The project I'm currently working on requires a spreadsheet to be imported into the database. SSIS seemed like the logical solution to this.
But one month after dealing with SSIS, I am done with it. SSIS is like 85% awesome - but 15% "OMG I hate you". I wrote a song about it, like to hear it here it goes.
SSIS doesn't work consistently across machines
The gist of the package we are building is that it takes an Excel spreadsheet, sanitizes the data, and upserts it into a database.
Some of the data was a little bit long. We built some columns to handle 512 characters in the database. Everything seemed like it was working fine.
But then one of the team members said it was failing for him, complaining about having to truncate data. We were all using the same spreadsheet, so this didn't make sense.
After some investigation, it turns out all of the columns coming from the spreadsheet were capped at 255 characters. That is strange in itself, but we'll get to that. But why was it not failing for me?
I still don't know the answer. Because everything in the package said that any value over 255 characters long should have been failing with an error. And that's what it was doing for my coworker - but not for me!
My bigger concern was this 255 character limit.
SSIS and Excel are just the worst
SSIS thinks it is soooo smart. It can predict the widths of your columns for you, so you don't have to define them! Hooray!
Except it only predicts the widths based on the first 8 rows of data. And if there is nothing very long in a column, it will set its max length to 255.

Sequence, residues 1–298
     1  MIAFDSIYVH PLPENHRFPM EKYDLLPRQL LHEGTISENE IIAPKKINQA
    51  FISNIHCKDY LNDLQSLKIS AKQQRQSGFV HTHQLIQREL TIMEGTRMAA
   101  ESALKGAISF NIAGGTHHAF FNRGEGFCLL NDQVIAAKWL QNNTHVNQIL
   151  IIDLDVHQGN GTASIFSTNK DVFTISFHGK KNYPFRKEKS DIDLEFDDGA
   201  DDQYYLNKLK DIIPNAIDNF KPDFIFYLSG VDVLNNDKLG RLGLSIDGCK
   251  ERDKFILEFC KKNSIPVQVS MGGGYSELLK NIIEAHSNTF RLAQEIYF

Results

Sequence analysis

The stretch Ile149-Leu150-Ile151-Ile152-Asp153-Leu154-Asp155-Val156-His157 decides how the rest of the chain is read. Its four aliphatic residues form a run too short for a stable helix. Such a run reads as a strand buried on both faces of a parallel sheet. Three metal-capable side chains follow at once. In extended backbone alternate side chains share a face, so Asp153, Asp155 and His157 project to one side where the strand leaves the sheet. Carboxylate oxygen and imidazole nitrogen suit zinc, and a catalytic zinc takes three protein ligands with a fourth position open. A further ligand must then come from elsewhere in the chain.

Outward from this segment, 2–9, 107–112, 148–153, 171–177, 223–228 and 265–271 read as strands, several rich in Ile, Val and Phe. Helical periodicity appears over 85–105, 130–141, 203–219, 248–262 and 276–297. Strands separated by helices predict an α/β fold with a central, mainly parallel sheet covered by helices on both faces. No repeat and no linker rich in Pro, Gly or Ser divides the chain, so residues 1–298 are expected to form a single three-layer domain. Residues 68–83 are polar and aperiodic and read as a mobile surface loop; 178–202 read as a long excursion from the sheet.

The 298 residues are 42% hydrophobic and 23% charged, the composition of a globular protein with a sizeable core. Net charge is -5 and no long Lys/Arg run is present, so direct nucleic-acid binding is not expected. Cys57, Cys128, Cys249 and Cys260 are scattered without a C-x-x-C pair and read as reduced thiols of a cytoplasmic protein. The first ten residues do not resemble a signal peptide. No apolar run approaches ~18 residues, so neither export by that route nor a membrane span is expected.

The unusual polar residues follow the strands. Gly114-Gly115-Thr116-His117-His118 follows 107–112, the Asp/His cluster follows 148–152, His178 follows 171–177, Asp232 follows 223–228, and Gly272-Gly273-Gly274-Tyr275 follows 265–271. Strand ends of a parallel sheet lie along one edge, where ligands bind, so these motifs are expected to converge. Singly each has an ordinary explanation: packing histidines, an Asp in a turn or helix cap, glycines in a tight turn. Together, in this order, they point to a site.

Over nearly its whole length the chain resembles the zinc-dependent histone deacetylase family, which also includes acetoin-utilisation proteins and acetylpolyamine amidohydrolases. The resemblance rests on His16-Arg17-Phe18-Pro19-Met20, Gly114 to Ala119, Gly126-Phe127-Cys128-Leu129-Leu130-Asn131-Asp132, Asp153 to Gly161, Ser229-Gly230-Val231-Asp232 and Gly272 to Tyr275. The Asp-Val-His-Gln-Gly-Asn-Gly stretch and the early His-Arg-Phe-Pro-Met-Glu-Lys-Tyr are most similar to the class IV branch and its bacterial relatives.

This wouldn't be the worst thing, if you could change the columns it got wrong. But you can't! You can try...but it will just blow away your changes when it re-samples the spreadsheet.
But you can change the default sample size from 8 rows to something else!
Um...in your registry. That's a super fun way to make things fail differently for you than the rest of your team! And not a solution I plan on ever using.
Hey, didn't you read the rest of that answer? You can put a dummy row with long values in it, to trick SSIS!
Yup, you can. Then you have to alter your package to ignore it...and hope that no one accidentally deletes that row one day. This is the least bad option...but still bad.
One side-effect of adding the dummy row is that now every column that is more than 255 characters long goes from a
DT_WSTR(255) type to a
DT_NTEXT type. That makes sense.
But SSIS is bad at determining the length of text
For all of those columns that were fine as a
DT_WSTR(255) type, the
LEN(x) function is gravy.
But for all of those columns that became
DT_NTEXT, SSIS will suddenly start doubling the column lengths. After the crazy pills wear off, you might find this -
If the argument passed to the LEN function has a Binary Large Object Block (BLOB) data type, such as DT_TEXT, DT_NTEXT, or DT_IMAGE, the function returns a byte count.
Ugh. I could see the argument for that with
DT_NTEXT? They have "text" in the name! Why wouldn't I want the length of the text?
Turns out you have to do the conversion yourself.
LEN( (DT_WSTR, 600) X) Thanks, SSIS!
SSIS sucks for other reasons, too
Deployment is bad. Our timebox ended before we could figure out if we could run this all off of a server.
It crashes often - at least with Visual Studio 2015. Especially when you pull latest on the repo and it has to reload the project.
When it crashes, it leaves a process running (SSIS Debug Host) that you have to kill before you can run it again.
You can only have one Data Flow task open at one time. This is incredibly frustrating when you want to "copy" functionality across tasks.
SSIS, consider me unimpressed.
My advice for someone who needs to import data from a spreadsheet:
- Build a command-line project.
- Have that command-line project use SqlBulkCopy to move all excel rows into a working table in your database.
- Have that command-line project then execute a bunch of T-SQL that does all your ETL things.
- Hug yourself for avoiding SSIS.